My encounters with weather observing took off at age 17 in Pennsylvania at The Willogrove Naval Airbase then The Philadelphia International Airport where I would shadow weather observers and learn how routine weather reporting supports the coordination of safely clearing airplanes for departure and arrival. Isn’t the need for routine weather reporting just as critical in safely guiding ships at sea from port to port?
Ten years later with Ocean Research Project I begin to thoroughly explore this public service. Its Day 17 of our Sargasso Gyre Expedition, the alarms chimes 0145 as it is time to prepare the 0600 UTC or Greenich Meantime Weather Observation report. I had just finally started to get some real rest after finding a sleeping position with minimal rolling that required the least amount of bracing. I will admit that self-discipline and routine can become distant relatives to me often in these situations but when commitment and survival are on the line than a weather observation every 6 hours will be met.
Every observation counts, for every 100 observations on land there is 1 at sea. R/V Ault is an official mobile observation weather station within NOAA’s National Weather Service, Vessel Observing Ship Program. We are tasked to transmit 4 observations daily and are just 1 of 1000’s of land and sea based weather observation stations that contribute to big picture snapshots of the world’s weather. Besides ships and aircraft there are weather balloons released twice a day, upper air stations that reach past the troposphere, where most surface weather occurs, to obtain data to project weather past observation to prediction. Can you imagine 1000’s of balloons around the world being released twice every day sounding the skies? All of these observation sources combined are the foundation for weather warnings, forecasts and even climate change prediction research.
What came first the observation or the forecast? Matt and I often work as a team to record the elements needed by weather forecasters. We use simple traditional meteorological equipment that remind me of my childhood weather kit that consisted of a wind vane, thermometer and rain gauge. However, we are not monitoring the amount of rain at sea but are giving a detailed account of the state of the sea and sky and what precipitation may have occurred in between reports or at present. Matt is a true gentleman and will often volunteer to step out of the pilothouse to read me the wet, dry bulb thermometer and submerge then read the sea surface thermometer especially on those extra bumpy wet nights while I type the ship navigation statistics into our report encoding software. Cloud coverage and type, wind speed and direction and wave characteristics such as direction and height are some of the elements covered in the report. Our aneroid barometer is watched closely and as the atmospheric pressure rises and falls its tendency and value are critical components to record in any observation as the pressure changing can indicate front movement, alarming us of the weather to come.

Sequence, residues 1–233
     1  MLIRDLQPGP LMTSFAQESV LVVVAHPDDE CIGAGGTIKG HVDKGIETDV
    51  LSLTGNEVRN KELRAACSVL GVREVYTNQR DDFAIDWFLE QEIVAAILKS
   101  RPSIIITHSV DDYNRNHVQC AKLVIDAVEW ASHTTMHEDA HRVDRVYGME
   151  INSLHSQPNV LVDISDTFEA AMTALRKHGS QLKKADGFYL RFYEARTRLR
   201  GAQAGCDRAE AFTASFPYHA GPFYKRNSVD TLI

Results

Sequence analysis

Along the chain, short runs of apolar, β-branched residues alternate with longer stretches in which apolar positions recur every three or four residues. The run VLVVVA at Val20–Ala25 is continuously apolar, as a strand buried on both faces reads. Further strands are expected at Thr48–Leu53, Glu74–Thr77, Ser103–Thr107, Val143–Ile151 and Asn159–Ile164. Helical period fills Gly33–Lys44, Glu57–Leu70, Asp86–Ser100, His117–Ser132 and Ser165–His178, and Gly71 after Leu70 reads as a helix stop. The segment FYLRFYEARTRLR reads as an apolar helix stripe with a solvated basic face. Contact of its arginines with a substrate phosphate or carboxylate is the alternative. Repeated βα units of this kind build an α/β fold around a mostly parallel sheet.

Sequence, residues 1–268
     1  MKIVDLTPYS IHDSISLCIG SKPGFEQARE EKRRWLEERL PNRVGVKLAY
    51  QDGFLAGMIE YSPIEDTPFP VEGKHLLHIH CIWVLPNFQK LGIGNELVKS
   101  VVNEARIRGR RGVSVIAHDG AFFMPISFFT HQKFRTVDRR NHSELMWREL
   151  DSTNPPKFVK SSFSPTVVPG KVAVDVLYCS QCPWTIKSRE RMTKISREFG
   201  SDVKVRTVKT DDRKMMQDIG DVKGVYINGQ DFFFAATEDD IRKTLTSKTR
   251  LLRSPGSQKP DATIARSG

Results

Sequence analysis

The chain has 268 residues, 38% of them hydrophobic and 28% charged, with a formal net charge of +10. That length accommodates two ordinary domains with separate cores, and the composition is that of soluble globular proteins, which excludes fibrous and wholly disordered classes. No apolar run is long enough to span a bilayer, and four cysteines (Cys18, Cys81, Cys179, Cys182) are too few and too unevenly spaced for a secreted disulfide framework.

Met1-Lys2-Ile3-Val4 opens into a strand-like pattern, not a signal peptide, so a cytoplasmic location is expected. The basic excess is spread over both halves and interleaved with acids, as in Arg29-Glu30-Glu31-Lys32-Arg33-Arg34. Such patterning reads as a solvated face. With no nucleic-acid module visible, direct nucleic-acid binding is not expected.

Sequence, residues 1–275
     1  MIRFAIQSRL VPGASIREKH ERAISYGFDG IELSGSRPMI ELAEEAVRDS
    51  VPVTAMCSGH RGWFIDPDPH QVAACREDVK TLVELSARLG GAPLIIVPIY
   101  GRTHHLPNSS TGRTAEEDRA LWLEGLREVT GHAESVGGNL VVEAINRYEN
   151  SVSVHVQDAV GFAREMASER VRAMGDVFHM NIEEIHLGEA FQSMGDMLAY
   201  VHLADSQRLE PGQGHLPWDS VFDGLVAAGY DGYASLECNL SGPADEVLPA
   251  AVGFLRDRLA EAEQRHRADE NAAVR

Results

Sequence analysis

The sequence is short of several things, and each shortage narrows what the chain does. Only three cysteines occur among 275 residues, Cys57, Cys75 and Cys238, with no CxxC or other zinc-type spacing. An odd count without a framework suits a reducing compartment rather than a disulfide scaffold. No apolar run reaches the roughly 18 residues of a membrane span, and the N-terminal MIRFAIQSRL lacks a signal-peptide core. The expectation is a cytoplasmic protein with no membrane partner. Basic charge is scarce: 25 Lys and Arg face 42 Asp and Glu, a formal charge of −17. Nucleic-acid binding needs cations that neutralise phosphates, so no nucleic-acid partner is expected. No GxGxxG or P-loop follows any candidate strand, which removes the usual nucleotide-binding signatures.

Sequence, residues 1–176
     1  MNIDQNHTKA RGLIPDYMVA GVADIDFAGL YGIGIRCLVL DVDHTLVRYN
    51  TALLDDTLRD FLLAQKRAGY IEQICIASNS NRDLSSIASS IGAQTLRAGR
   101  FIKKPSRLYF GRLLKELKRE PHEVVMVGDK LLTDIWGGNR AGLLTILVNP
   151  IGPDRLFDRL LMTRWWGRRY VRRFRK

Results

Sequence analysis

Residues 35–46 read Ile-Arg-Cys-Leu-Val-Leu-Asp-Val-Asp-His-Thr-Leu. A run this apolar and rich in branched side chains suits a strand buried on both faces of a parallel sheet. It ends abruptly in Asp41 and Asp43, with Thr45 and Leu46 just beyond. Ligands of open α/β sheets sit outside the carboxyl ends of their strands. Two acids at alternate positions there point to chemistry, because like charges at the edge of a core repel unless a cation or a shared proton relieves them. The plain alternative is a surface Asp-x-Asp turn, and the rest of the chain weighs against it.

Once Ocean Research Project completes this expedition we will have contributed over 200 weather observation transmissions, as we recognize this as our duty as mariners at sea. You can find our vessel reincarnated as an observation station plot on Ocean Prediction Center’s daily Atlantic Surface Analysis Charts represented as a wind barb which shows the wind direction and speed we experienced at the report time. Just take a peek at where we are at on our tracker around that time. Hopefully we are reporting less than 20 knots on the quarter in a favorable direction and cruising along.
Naturally, weather observations will always be a task onboard an Ocean Research Project vessel as we recognize the need for observations in the areas we may study that have few observation sources, where few ships go to. The ocean is 75% of the planet’s surface after all therefore, there is a lot of ground to cover and it is important to obtain weather observations from the remote and extraordinary environments. An expedition to the Arctic in 2014 is in development where more observations may be of value to the scientific community. We invite a weather observation system onboard for test and evaluation that can record the reporting elements real-time and more frequently. If it were not for the US Navy’s Matthew Fontaine Maury of 1853 it may have taken some years later to determine the value of a combination of ship weather reports and we are proud to participate in the legacy program made from that discovery.